PHL471: Some Thoughts on Dennett.
Some Thoughts on Dennett.
- Along, with Davidson, Dennett is an interpretationist:
he argues representational states are interpretative ascriptions
we make to explain complex systems.
- Dennett argues we can take three "stances" on events
- Physical stance: we explain a phenomenon in terms
of its physical states.
- Design stance: we explain a phenomenon in terms
of what it is designed to do.
- Intentional stance: we explain a phenomenon in terms
of what beliefs and desires.
- When we take the intentional stance on an object, we
engage in what Dennett calls "intentional systems theory."
We take a particular object (say, a human body), and then
- Ascribe to it the beliefs it ought to have
- Ascribe to it the desires it ought to have
- Assume it is rational
- Predict what it will do
- This theory tells us what agency, belief, desire, an action,
and rationality are.
- A belief is what we ascribe to an agent that explains
why it acts in certain ways to satisfy its desires
- A desire is what we ascribe to an agent that explains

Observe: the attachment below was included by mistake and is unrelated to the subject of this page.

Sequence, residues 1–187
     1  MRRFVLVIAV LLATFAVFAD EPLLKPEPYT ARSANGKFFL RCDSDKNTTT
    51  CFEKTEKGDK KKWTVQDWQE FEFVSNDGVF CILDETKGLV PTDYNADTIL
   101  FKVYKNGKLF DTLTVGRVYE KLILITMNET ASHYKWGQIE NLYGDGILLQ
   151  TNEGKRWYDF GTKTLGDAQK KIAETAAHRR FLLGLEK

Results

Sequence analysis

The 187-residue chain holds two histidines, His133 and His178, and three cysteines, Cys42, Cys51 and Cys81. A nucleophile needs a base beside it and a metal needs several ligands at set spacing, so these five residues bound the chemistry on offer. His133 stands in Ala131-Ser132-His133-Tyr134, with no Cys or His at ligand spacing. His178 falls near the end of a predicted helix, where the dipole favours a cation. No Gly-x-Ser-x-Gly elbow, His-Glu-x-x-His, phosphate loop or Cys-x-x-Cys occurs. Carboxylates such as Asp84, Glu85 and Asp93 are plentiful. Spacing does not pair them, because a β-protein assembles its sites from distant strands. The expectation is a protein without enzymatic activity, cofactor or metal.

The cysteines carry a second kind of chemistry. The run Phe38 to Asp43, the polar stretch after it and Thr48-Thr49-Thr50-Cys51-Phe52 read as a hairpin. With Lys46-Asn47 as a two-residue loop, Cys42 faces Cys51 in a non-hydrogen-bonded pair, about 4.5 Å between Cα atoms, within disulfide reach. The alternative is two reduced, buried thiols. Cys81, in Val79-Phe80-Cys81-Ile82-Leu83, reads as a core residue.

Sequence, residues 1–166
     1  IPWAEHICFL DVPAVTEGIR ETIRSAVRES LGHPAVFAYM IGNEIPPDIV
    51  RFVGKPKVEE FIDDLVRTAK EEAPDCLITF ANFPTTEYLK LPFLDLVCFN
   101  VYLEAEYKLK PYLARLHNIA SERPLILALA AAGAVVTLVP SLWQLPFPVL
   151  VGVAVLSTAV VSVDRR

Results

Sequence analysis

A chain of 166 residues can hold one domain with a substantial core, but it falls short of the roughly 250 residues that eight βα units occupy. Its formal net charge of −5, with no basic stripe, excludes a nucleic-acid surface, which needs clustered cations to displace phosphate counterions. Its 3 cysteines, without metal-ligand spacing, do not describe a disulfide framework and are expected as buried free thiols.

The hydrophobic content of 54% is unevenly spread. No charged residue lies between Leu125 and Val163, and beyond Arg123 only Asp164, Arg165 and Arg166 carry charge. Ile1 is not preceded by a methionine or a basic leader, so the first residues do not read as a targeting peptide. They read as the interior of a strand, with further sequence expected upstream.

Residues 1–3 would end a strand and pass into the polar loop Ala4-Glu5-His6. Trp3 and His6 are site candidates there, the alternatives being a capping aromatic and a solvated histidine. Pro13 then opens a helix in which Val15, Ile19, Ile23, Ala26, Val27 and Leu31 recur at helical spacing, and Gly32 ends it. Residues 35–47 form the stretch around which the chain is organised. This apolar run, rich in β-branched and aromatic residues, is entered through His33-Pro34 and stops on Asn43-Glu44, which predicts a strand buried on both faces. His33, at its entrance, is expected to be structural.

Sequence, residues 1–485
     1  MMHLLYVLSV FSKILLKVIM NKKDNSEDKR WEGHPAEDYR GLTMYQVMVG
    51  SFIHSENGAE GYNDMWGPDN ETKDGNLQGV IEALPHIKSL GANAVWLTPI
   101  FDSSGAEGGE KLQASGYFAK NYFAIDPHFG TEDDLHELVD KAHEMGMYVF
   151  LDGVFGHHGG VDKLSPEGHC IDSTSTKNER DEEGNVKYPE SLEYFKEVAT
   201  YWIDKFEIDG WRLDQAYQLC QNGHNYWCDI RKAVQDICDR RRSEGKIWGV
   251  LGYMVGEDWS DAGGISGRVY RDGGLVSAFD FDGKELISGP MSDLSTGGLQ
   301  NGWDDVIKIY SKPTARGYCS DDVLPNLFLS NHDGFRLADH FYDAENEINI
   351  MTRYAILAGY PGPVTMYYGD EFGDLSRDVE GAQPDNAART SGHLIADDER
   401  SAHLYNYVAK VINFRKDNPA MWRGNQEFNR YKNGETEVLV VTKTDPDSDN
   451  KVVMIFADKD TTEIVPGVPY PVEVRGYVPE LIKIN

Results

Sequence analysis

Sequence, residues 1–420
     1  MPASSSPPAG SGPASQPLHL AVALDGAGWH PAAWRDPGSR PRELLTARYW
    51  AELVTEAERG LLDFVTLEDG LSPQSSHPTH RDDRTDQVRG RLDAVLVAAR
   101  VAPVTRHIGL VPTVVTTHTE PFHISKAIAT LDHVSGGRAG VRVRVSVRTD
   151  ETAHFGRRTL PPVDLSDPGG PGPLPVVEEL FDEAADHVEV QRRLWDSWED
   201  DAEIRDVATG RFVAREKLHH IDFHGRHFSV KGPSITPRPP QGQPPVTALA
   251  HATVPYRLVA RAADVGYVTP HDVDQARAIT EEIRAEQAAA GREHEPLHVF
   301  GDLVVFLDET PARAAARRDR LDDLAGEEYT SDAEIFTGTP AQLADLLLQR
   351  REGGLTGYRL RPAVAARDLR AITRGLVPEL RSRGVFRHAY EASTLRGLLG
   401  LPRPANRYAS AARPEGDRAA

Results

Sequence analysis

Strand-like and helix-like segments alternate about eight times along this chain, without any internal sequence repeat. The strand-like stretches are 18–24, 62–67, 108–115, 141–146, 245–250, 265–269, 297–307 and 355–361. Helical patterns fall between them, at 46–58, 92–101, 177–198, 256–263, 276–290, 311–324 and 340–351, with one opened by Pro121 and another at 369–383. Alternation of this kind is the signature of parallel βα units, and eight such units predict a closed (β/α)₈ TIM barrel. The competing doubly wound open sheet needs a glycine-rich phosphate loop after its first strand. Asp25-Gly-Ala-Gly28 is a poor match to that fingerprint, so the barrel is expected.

why it acts in certain ways give the beliefs it has
- An action is a description of an event that explains
how it satisfies the desires of an agent, given its beliefs
- Rationally is what we ascribe to agents when we ascribe
them consistent beliefs and describe their acts as satisfying
- An object is an agent if it is useful to ascribe to it
as having rationality, beliefs, and desires
- Note that this list is entirely circular: all the definitions
are in terms of each other. However, this is not a problem, Dennett
claims, because we confirm this network of interdefined relations
by making predictions which can be tested.
- This is also a theory of the normativity of representations:
we ascribe the states that an agent should have, and this,
along with the notion of rationality, lend a normative nature to
these ascribed states.
- What is Dennett's ontological claim? This is unclear.
He sometimes talks as if he is a non-reductive physicalist
about propositional attitudes. This means that he claim
that belief, for example, is a physical event, but he'll
claim you can only describe it from the intentional stance
(you can't reduce it to the physical stance). Sometimes he
talks like a straight physicalist materialist. And
sometimes he talks like an eliminativist, where beliefs are
simply a useful fiction but otherwise don't exist. (Seen
from an epistemic perspective, Dennett is best interpreted
as an instrumentalist and therefore as positing that we can
be uncommitted about whether beliefs and desires exist.)